As the winter draws to a close and the days become warmer pets start to spend more time outside enjoying the Spring sunshine (hopefully!) and longer daylight hours.
However Spring brings some unexpected problems for our pets:-
- Chocolate – keep all those Easter eggs well away from dogs as the theobromine in chocolate can be toxic at relatively small amounts especially dark chocolate or those with a high cocoa solids content
- Lilies – many people decorate their house with lilies at Easter time. However the leaves, flowers and pollen can cause kidney failure in cats and is often fatal. Please avoid bringing these into your house if you have cats.
- Hot Cross buns – raisins and grapes can cause acute renal failure in dogs. It does not affect every dog but it is impossible to know which dogs are susceptible and in those dogs that are affected even a small amount can be fatal.
- Gardening – bulbs can be poisonous in dogs and cats so if digging up a flowerbed make sure you dispose of any carefully! Also take extreme care if using ANY pesticides.
- Slugs and snails – they love the wet, warm weather Spring brings and in this area they can carry Lungworm. This parasite infects dogs causing blood clotting problems as well as coughing and other symptoms and can be fatal. Dogs are infected by eating the slugs or snails. Regular treatment with an anti-lungworm insecticide such as Advocate can prevent it.
- Grasses and pollens – as the garden springs into life skin allergies can be more common. Watch out for itchy skin, rashes and sore eyes. Ears can also be affected.
- Lamb bones – we enjoy a lovely roasted leg of lamb at Easter, but dogs should not have cooked lamb bones as they splinter, and any fatty left-over meat could cause an upset tummy.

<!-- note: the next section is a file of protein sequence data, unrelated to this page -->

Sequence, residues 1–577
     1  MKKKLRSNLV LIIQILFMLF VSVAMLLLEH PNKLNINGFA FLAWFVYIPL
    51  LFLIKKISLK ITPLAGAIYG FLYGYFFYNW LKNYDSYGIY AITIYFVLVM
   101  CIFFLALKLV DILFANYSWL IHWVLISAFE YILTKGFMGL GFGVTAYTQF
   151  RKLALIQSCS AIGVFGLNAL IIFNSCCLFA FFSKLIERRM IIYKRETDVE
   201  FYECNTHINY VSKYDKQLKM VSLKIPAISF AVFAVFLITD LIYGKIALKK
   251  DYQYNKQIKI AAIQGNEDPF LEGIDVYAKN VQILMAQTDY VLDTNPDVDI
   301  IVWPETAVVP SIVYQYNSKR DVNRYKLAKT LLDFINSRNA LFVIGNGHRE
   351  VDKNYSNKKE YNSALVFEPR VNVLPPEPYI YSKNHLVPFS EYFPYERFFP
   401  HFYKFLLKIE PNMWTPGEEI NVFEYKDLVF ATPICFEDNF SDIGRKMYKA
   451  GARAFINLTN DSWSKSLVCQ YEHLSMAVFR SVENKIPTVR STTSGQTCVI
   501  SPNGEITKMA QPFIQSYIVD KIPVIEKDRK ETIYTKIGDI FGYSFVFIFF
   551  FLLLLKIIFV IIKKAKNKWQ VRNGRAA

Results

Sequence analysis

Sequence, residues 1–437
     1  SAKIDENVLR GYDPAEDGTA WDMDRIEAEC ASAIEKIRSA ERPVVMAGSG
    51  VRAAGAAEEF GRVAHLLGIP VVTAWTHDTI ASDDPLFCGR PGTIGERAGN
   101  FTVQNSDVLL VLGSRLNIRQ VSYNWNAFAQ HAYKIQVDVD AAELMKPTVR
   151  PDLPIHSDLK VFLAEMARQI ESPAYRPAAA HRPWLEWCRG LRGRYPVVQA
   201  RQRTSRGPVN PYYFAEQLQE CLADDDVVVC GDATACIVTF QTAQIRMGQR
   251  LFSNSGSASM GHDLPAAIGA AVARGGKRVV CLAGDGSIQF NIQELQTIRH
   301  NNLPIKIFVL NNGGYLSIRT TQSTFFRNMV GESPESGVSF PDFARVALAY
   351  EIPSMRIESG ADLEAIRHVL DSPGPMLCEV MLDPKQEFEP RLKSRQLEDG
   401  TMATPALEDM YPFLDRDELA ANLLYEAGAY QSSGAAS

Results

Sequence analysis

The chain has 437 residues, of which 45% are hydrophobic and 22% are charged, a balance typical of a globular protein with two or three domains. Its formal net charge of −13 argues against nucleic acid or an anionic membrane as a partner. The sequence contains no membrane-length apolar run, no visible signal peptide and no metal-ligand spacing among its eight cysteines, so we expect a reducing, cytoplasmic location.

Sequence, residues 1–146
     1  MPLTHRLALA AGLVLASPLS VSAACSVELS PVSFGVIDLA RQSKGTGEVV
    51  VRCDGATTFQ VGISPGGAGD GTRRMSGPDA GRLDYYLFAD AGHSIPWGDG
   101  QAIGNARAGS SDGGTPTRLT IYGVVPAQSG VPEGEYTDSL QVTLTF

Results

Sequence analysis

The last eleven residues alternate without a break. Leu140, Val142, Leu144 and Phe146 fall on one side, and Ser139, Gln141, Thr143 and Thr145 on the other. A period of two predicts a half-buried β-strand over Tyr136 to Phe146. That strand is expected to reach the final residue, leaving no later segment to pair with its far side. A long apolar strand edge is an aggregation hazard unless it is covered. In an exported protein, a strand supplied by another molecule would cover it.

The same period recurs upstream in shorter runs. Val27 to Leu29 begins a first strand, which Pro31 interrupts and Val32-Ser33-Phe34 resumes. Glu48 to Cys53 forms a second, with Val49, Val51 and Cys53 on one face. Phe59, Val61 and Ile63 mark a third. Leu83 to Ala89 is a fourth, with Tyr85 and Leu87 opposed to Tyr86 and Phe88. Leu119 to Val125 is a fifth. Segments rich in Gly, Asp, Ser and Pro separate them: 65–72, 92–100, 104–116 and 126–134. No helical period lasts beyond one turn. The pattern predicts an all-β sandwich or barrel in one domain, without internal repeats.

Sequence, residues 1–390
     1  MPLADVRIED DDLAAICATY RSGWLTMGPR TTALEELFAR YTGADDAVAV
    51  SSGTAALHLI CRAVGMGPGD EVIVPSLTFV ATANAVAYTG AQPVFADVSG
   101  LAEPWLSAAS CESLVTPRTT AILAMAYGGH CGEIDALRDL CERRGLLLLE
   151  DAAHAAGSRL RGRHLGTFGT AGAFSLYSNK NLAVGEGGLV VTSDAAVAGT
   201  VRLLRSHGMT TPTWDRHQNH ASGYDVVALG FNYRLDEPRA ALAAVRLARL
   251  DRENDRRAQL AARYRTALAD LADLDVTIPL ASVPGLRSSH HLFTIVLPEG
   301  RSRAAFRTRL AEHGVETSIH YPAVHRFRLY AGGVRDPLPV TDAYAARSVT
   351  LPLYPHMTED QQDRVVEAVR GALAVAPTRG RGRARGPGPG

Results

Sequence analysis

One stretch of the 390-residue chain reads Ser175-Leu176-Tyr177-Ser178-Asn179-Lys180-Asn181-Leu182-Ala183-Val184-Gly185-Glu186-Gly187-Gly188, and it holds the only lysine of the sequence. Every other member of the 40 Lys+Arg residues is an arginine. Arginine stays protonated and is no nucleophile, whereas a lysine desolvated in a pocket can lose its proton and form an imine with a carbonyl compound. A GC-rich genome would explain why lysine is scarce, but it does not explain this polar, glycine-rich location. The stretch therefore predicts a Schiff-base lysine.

As one of the nurses working at Milton Keynes Veterinary Groups main hospital, I am excited to be working with Pet Blood Bank UK to register the hospital and hold dog blood donor sessions.
Pet Blood Bank UK is a non-profitable charity which provides a national canine blood bank. Just like people, sick dogs sometimes require blood transfusions, with one single donation saving the lives of up to four dogs. My own dog, Westwood (pictured above) was a donor for Pet Blood Bank UK and donated several times. Unfortunately, as he is now receiving immunotherapy injections, he is no longer able to donate. In order to hold sessions at the practice, we must provide Pet Blood Bank UK with a list of 50 possible dog donors. Pet Blood Bank UK will then contact owners directly to arrange appointments. Dogs can donate up to four times a year.
- Fit and healthy
- Between 1-8 years of age (extra-large breeds need to be slightly older before they can donate)
- Weigh more than 25kg
- Have a good temperament
- Have never travelled abroad
- Not on any medications (there are a few exceptions)
- American bulldogs
- English bull terriers
- Flat coat retrievers
- German shepherds
- English pointers
The comfort and health of our donors is very important to us and Pet Blood Bank UK.
All dogs will be weighed and undergo a physical examination by a Pet Blood Bank UK veterinary surgeon each time they donate. Dogs will also be microchipped if they are not already. A small blood sample is obtained to check your pet is healthy, determine their blood type, and to ensure they are not showing any signs of dehydration or anaemia before their donation.
If all is well then 450mls blood is collected. Dogs are gently restrained on their side, and blood is taken from the jugular vein in the neck. The actual donation only takes 5-10 minutes, although you should allow around 40 minutes in total for your appointment. A light dressing will be applied to your dogs neck after donation and their pulse is checked.
Dogs are then given lots of praise and cuddles, followed by a well-deserved drink and bowl of food, and a doggie bag of treats to take home. You will be asked to sit with your dog for a short period of time prior to them having a final check before they are sent home to take it easy for the rest of the day.
For more information, or if you are interested in registering your pet becoming a blood donor, please contact the surgery on 01908 397777 and ask to speak to Jess.